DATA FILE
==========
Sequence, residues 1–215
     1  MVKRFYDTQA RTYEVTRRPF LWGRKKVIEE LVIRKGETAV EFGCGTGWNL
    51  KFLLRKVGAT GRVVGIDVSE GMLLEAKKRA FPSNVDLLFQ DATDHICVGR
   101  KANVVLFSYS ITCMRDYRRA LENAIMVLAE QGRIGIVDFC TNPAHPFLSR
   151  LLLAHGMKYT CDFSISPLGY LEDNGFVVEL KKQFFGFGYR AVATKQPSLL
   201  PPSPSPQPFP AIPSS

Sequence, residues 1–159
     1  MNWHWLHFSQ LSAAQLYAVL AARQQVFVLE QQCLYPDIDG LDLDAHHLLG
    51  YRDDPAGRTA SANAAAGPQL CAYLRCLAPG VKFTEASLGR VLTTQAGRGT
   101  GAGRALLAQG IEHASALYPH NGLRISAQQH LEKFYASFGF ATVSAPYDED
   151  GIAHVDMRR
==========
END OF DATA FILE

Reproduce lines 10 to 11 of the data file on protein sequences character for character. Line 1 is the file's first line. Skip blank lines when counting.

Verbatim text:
   101  GAGRALLAQG IEHASALYPH NGLRISAQQH LEKFYASFGF ATVSAPYDED
   151  GIAHVDMRR